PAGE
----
January 13 is AMBER Alert Awareness Day. Every year, the nation remembers 9-year-old Amber Hagerman who was abducted and murdered in Arlington, Texas in January of 1996. Amber’s case fundamentally changed the way we search for missing children. Her story inspired the creation of a nation-wide system for law enforcement to quickly alert the public to child abductions. They’re called, “America’s Missing: Broadcast Emergency Response Alerts,” better known as AMBER Alerts.
The day serves as an annual reminder that hope can come from heartbreak. Since the first AMBER Alert plan launched in October of 1996, at least 1,085 children all around the country and world have been safely recovered as a direct result of AMBER Alerts and the incredible communities that respond to them. To hear some of the stories behind these successes, read our blog post about Amber’s enduring legacy.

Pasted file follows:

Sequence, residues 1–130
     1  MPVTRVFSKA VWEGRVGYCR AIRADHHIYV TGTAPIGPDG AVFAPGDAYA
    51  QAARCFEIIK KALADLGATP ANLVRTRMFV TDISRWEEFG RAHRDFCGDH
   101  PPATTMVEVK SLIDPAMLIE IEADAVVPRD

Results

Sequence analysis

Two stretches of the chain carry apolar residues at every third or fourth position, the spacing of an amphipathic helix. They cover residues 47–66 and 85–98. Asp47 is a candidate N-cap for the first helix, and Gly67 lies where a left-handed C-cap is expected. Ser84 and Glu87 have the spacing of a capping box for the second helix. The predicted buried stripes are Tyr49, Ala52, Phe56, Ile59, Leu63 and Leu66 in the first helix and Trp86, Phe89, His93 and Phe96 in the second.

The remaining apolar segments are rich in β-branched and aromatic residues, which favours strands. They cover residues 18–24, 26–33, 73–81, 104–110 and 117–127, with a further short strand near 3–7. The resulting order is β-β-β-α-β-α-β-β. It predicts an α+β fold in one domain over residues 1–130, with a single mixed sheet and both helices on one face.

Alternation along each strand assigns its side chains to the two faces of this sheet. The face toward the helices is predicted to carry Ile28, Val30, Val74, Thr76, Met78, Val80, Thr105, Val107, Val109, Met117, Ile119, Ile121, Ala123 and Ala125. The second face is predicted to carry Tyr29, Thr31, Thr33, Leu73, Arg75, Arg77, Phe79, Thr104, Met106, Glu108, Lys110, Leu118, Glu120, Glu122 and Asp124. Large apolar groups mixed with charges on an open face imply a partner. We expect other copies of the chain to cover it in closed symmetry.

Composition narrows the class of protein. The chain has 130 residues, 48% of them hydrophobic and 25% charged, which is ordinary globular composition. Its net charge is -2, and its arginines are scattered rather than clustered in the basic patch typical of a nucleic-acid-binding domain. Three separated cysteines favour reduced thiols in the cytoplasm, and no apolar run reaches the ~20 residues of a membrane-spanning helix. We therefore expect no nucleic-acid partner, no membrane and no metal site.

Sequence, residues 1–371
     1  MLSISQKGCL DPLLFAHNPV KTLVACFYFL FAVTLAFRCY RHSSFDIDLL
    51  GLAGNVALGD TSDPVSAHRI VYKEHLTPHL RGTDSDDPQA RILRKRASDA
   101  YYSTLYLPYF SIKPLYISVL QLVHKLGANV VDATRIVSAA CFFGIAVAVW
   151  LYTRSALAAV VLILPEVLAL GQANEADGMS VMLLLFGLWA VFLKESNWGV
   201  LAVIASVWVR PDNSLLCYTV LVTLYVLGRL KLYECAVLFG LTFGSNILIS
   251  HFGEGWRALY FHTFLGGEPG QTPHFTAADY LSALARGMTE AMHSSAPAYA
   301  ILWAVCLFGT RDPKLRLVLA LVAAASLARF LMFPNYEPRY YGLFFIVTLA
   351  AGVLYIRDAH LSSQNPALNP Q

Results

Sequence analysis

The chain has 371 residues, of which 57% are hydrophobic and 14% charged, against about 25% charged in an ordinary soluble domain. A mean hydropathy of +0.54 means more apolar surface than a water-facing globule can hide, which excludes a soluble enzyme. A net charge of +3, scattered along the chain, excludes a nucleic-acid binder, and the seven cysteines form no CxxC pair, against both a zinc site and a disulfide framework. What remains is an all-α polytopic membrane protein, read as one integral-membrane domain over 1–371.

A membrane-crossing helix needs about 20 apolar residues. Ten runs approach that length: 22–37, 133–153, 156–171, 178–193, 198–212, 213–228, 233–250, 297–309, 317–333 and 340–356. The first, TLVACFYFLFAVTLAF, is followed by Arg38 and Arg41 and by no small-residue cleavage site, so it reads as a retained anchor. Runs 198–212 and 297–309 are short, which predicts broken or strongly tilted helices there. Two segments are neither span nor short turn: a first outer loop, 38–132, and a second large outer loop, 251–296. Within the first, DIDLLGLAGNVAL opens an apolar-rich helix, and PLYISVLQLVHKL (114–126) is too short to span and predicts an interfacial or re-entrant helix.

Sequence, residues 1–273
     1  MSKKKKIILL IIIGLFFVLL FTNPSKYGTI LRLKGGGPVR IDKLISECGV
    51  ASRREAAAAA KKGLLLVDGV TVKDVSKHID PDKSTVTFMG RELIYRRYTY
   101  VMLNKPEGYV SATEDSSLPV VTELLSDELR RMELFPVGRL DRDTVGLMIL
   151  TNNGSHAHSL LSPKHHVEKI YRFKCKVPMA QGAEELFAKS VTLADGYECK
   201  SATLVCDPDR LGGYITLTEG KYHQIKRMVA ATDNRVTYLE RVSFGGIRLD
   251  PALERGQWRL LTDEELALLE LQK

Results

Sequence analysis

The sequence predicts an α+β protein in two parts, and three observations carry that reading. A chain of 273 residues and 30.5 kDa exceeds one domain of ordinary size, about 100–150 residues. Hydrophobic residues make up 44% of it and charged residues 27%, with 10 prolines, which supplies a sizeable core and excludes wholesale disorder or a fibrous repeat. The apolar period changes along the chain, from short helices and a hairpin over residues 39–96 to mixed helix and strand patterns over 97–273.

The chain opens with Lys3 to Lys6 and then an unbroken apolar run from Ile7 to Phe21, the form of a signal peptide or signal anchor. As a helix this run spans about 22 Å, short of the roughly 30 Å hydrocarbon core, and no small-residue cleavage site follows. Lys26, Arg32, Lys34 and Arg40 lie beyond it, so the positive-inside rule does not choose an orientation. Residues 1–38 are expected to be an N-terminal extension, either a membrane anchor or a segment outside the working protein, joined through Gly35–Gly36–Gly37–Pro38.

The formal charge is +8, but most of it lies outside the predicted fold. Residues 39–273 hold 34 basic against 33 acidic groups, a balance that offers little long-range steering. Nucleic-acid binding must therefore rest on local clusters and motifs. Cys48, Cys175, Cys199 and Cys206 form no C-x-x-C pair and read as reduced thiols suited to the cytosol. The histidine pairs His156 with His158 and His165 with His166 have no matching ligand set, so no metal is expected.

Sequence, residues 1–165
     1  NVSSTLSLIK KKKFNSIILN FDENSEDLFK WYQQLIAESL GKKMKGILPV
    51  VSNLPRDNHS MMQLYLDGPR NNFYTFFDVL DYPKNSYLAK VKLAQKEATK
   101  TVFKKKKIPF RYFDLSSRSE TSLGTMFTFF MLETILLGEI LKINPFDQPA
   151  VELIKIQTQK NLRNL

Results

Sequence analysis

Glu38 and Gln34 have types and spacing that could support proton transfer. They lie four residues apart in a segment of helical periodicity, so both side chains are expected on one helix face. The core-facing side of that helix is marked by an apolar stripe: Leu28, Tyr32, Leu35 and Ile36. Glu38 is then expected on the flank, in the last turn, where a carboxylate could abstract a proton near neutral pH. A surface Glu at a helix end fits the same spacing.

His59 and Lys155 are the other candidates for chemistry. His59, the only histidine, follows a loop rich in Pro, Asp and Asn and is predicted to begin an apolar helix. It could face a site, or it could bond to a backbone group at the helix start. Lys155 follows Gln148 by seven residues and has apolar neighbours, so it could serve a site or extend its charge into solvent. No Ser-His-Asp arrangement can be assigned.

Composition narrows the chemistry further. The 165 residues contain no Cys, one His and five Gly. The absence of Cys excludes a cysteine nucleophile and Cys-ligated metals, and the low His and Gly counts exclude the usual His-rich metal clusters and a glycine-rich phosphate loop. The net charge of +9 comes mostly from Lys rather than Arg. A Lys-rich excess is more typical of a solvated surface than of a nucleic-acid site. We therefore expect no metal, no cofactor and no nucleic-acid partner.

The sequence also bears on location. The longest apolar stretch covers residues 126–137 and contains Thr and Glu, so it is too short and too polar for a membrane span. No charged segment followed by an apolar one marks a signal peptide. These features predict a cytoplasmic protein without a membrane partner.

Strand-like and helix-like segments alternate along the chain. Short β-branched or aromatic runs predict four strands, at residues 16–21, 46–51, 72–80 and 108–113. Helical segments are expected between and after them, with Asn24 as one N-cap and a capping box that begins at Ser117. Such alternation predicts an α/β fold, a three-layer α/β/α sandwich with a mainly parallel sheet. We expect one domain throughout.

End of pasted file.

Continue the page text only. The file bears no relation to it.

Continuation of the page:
AMBER Alerts are issued in the most serious child-abduction cases. They are broadcast through radio, TV and road signs, and sent directly to cell phones through the Wireless Emergency Alerts program (WEA). These emergency messages enable communities to be the eyes and ears of law enforcement in the search for and safe recovery of an abducted child. Anyone can report information about a missing child, abductor or vehicle described in an AMBER Alert by calling 9-1-1.
To learn more about AMBER Alert and what you can do to help, visit missingkids.org/amber or read our blog post about unsolved AMBER Alerts.